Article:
Frequently Asked Questions
The body views transplanted organs (kidneys, liver, lung, heart, pancreas, and intestines) as foreign and will attack them. This is called ‘rejection.’ To prevent this response, certain medications are given to the organ recipient. A side effect of these medications is that the body cannot fight off infection as easily as a healthy person.
In contrast, most types of transplanted tissues (i.e., bone, tendons, heart valves and cornea) are not recognized as foreign because they do not have an internal vascular system, like organs do. Therefore, immune cells and antibodies that travel through blood do not attack the tissue and medications to suppress the immune system are not needed.
Hospitals are required to have written agreements with organizations that coordinate organ and tissue donation and recovery. There are 57 organ procurement organizations (OPOs) and a larger number of tissue recovery and eye recovery banks that work with hospitals in the United States for this purpose. Hospitals also obtain organs (kidneys and livers) from living donors.
Organ and tissue recovery organizations are required to obtain a medical and social history of deceased donors by asking their next-of-kin, and sometimes other persons who knew the potential donor, questions about: 1) behaviors that may have exposed the potential donor to certain diseases and 2) the potential donor’s past medical history. This questionnaire serves as one of several resources to assess the donor’s risk for having a disease.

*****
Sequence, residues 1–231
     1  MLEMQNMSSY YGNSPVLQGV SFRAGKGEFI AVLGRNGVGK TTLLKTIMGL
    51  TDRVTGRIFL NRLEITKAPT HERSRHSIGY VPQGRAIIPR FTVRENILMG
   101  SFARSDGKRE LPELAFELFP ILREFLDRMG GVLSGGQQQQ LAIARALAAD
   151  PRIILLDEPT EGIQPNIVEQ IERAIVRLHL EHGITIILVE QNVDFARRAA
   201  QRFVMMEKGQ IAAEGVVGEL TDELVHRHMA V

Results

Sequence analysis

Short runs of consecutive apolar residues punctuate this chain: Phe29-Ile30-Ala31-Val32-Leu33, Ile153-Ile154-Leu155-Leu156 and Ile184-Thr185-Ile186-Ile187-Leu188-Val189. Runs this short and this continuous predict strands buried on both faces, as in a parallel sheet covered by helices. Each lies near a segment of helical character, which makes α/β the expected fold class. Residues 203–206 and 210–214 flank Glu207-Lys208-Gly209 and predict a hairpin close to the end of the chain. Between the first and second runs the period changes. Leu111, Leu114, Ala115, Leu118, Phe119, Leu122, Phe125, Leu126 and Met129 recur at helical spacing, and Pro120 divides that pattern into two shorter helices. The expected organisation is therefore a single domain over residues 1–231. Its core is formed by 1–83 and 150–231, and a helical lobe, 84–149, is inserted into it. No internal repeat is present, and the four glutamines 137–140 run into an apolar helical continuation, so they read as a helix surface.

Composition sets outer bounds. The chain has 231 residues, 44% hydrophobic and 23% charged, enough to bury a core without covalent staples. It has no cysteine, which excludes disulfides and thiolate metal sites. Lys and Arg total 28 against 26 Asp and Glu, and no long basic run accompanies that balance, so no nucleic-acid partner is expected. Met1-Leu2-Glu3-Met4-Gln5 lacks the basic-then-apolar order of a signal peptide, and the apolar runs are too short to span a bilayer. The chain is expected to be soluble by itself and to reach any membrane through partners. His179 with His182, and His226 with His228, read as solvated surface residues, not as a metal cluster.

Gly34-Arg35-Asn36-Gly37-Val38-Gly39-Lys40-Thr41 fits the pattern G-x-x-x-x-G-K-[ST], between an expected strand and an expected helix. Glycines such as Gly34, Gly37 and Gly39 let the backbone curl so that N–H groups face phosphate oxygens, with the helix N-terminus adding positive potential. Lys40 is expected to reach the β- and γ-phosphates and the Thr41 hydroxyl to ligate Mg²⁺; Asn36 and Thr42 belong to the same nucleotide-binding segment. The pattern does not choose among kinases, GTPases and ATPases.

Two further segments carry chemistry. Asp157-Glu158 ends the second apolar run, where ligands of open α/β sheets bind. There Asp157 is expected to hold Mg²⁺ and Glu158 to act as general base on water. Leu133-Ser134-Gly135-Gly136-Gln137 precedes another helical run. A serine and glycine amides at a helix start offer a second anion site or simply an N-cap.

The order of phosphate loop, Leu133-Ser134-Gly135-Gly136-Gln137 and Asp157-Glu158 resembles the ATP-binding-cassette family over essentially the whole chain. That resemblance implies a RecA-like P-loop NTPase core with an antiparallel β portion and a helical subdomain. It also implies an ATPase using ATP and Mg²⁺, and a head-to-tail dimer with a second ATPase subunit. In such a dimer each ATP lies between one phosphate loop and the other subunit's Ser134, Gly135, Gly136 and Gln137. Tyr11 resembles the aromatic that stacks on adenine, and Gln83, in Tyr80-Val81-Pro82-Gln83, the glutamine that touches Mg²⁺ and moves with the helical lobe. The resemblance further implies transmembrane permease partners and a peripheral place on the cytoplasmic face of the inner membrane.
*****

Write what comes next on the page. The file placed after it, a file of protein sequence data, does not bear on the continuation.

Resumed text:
Hospitals are required to evaluate living potential donors for the presence of behaviors or medical history that may increase the risk of infection in the donor.
OPOs, tissue banks, and eye banks are also required to perform certain tests to see if the potential donor may have infections, such as human immunodeficiency virus (HIV), hepatitis B or hepatitis C virus, syphilis and cytomegalovirus (CMV). These test results are provided to the healthcare facility where transplantation of the organ or tissue will occur.
Organ Procurement and Transplantation Network (OPTN) policy requires OPOs to report suspected donor-derived disease transmissions to the OPTN and to notify all transplant centers that received organs from the same donor. Additionally, OPOs must contact tissue banks and eye banks that recovered tissues from that same donor.
Tissue and eye banks are required to investigate suspected communicable disease transmissions related to tissue. If the recipient infection seems likely to have been caused by the transplanted tissue and meets other criteria (i.e., fatal, life-threatening, permanent damage to body, or requires medical or surgical intervention), the tissue or eye bank that released the tissue must submit findings to the FDA through its MedWatch surveillance system. Healthcare facilities that perform these transplants are encouraged to report suspected transmissions to the tissue supplier and through the MedWatch system. Reporting is voluntary.
Organ and tissue recovery organizations and transplant centers and hospitals recovering from the living donor are also required to notify local or state public health authorities when a donor is confirmed to have an infection that is considered a notifiable infectious disease. Each state maintains a list of notifiable diseases, which can be found on their state health department’s website.